Justin Wolfers, visiting fellow and co-editor of the Brookings Papers on Economic Policy, explains the interesting findings from the latest Brookings Panel on Economic Activity: recessions hit the rich as much as the poor; the new Dodd-Frank financial reform bill has gaping holes in it; no approach to economic forecasting has been successful; and the social safety net has held up surprisingly well even in the Great Recession.
Recession Hit the Top and Bottom
“For a long time, labor economists have believed that recessions have been especially bad for the poorest in society. Recessions definitely are worse for the poorest in society but the new result that comes out of research by Jonathan Parker and Vissing-Jorgensen is if you look at the rich (and particularly the very, very rich), they’re bearing an enormous part of the brunt of economic downturns. So it turns out we have learned that recession hit the poor – a fairly large group particularly – and the very rich, and it is actually the middle class who don’t quite go up and down as much with the business cycle. This turns out to be quantitatively a really big effect. If you look at how much income is lost during the course of a recession, a big chunk (maybe a quarter of it actually) is lost by the very richest of the rich. So that is new. It is exciting. It is something we did not understand before, and I think it is going to start a lot more research.”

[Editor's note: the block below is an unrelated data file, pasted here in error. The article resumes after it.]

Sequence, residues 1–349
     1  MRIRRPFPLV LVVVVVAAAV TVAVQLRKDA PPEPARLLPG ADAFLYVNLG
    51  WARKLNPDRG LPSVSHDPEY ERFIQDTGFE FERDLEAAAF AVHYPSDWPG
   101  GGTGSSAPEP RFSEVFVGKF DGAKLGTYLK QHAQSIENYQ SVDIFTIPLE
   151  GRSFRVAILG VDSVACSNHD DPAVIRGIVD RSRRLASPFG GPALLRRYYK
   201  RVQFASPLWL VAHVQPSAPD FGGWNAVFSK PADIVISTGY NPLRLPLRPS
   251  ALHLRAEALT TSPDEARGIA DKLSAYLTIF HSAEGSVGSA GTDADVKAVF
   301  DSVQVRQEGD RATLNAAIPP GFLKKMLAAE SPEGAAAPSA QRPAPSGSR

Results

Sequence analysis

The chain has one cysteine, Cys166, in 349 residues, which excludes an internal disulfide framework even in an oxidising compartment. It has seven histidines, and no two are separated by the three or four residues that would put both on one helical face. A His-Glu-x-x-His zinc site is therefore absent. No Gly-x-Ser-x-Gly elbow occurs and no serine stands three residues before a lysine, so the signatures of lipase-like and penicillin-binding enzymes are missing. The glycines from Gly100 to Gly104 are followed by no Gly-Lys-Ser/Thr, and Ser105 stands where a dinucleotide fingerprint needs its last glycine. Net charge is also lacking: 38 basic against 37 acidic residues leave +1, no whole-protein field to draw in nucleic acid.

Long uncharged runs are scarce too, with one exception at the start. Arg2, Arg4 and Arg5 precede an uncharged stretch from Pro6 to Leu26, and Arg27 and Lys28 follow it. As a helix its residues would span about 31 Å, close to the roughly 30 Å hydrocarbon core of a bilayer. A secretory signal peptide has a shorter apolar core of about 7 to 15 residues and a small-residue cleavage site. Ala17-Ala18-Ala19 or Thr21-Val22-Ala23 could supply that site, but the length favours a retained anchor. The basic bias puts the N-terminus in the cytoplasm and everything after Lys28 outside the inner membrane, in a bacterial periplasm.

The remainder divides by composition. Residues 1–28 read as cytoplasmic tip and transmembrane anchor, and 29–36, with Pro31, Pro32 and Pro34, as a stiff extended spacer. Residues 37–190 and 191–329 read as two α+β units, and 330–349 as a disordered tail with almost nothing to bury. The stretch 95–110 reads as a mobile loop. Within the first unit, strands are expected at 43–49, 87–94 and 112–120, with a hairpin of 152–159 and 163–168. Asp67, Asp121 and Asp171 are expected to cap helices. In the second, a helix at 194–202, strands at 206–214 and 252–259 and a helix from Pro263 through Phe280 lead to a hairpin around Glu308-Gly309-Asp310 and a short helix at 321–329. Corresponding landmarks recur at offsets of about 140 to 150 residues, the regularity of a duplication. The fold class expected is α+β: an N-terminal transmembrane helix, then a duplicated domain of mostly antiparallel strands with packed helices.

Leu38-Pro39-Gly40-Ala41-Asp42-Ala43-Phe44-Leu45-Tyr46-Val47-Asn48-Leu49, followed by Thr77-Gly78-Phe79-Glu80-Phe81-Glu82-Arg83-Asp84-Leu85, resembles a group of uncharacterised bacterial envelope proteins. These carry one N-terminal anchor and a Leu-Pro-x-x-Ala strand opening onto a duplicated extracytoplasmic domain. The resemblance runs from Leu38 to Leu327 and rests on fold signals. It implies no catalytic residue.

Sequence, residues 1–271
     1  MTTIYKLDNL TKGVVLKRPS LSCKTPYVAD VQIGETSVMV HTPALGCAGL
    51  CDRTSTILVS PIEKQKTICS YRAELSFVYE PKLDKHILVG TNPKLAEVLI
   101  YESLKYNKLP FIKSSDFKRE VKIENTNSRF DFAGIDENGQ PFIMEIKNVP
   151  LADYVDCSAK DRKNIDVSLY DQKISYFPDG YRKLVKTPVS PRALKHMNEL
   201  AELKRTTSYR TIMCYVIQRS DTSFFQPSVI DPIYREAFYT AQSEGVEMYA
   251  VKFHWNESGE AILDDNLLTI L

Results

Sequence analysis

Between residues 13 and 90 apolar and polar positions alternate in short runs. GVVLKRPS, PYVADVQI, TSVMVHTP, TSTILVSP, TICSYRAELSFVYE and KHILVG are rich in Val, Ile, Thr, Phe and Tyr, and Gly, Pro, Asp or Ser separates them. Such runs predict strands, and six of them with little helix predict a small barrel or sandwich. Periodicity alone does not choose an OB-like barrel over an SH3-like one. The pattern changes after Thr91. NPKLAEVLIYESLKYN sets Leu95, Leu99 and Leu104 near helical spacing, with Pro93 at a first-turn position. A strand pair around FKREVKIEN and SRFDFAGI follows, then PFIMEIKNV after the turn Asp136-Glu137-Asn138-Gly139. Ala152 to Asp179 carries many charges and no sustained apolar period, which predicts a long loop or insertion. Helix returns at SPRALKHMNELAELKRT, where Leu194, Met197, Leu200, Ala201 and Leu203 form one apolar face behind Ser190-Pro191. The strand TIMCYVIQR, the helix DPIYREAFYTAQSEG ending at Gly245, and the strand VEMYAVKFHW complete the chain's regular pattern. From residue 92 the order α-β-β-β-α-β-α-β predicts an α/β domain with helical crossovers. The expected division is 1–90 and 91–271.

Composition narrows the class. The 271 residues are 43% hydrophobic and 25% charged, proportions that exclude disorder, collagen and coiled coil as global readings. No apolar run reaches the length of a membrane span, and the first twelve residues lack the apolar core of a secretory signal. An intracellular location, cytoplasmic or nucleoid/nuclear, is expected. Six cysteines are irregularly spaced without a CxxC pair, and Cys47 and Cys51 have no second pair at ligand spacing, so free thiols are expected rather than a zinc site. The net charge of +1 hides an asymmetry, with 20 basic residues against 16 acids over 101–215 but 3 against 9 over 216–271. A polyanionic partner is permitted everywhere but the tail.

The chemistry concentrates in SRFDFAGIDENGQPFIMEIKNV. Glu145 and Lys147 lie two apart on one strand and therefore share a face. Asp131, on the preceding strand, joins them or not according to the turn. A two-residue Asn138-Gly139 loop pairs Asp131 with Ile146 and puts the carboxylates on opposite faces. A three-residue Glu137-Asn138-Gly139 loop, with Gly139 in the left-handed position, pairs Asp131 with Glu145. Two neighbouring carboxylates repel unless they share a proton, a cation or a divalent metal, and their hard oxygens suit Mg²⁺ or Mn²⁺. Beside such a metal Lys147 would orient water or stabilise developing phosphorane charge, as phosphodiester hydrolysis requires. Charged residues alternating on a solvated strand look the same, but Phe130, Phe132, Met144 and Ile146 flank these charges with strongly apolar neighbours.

Shadow Banking Still a Problem
“Sometimes the most interesting part of research is actually the part we all agree on. The paper by Gary Gorton and Andrew Metrick puts together a specific proposal for how to regulate the shadow banking system, and they do a beautiful job of explaining just what that creature is. It is not backroom deals, but it’s a way for lending to occur without being under the formal regulatory structures we are all used to. We have just been through financial reform, so all of us would think that the shadow banking system – which was almost certainly a big part of the financial crisis – got fixed by that regulatory reform. The interesting thing the authors did at the end is they said to the audience ‘so it looks like we all agree Dodd-Frank, the recent reform, did very little about this.’ Everyone agreed on that, so the real question is ‘what is it we should do to fix the shadow banking system?’ The authors have a specific proposal. One of their discussants, Governor Tarullo from the Fed, also commented at length, and it looks very much like this is going to be a live policy issue.”
No Macro Crystal Ball